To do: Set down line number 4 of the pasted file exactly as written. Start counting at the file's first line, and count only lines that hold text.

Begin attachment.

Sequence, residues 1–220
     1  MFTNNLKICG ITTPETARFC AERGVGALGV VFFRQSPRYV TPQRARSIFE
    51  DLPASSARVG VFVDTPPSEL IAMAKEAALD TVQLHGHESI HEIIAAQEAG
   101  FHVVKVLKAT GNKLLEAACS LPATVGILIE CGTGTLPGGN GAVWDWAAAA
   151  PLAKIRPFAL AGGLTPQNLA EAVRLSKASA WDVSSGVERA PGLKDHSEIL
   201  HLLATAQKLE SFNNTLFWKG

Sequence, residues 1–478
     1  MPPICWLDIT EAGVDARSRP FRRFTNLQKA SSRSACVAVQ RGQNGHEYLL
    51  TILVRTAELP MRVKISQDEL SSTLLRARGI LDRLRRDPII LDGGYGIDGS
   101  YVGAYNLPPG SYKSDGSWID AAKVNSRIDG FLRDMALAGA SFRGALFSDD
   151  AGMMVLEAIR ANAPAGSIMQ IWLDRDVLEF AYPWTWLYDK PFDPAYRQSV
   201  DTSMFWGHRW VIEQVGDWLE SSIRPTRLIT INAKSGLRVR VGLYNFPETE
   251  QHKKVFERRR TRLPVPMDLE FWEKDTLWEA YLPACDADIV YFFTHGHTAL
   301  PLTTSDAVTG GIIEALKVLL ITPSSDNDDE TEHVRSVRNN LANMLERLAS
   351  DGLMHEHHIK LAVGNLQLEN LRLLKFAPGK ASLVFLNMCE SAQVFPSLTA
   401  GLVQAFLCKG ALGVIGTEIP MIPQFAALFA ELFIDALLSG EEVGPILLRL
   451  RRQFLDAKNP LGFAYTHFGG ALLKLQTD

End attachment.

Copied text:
   101  FHVVKVLKAT GNKLLEAACS LPATVGILIE CGTGTLPGGN GAVWDWAAAA